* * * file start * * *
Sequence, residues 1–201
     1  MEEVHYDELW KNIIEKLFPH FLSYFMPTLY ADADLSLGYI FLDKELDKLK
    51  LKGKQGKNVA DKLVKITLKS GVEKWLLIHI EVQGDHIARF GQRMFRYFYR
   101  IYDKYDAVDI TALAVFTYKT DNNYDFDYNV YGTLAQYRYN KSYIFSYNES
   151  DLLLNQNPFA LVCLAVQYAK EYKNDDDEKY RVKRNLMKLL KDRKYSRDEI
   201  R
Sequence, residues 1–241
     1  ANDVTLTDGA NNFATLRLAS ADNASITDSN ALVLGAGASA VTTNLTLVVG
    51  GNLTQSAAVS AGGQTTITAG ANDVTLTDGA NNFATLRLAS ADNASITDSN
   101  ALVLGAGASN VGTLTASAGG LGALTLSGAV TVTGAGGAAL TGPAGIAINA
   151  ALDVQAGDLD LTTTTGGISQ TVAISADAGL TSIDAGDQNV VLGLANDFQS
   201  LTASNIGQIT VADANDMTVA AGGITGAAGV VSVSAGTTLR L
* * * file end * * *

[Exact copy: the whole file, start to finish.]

Sequence, residues 1–201
     1  MEEVHYDELW KNIIEKLFPH FLSYFMPTLY ADADLSLGYI FLDKELDKLK
    51  LKGKQGKNVA DKLVKITLKS GVEKWLLIHI EVQGDHIARF GQRMFRYFYR
   101  IYDKYDAVDI TALAVFTYKT DNNYDFDYNV YGTLAQYRYN KSYIFSYNES
   151  DLLLNQNPFA LVCLAVQYAK EYKNDDDEKY RVKRNLMKLL KDRKYSRDEI
   201  R
Sequence, residues 1–241
     1  ANDVTLTDGA NNFATLRLAS ADNASITDSN ALVLGAGASA VTTNLTLVVG
    51  GNLTQSAAVS AGGQTTITAG ANDVTLTDGA NNFATLRLAS ADNASITDSN
   101  ALVLGAGASN VGTLTASAGG LGALTLSGAV TVTGAGGAAL TGPAGIAINA
   151  ALDVQAGDLD LTTTTGGISQ TVAISADAGL TSIDAGDQNV VLGLANDFQS
   201  LTASNIGQIT VADANDMTVA AGGITGAAGV VSVSAGTTLR L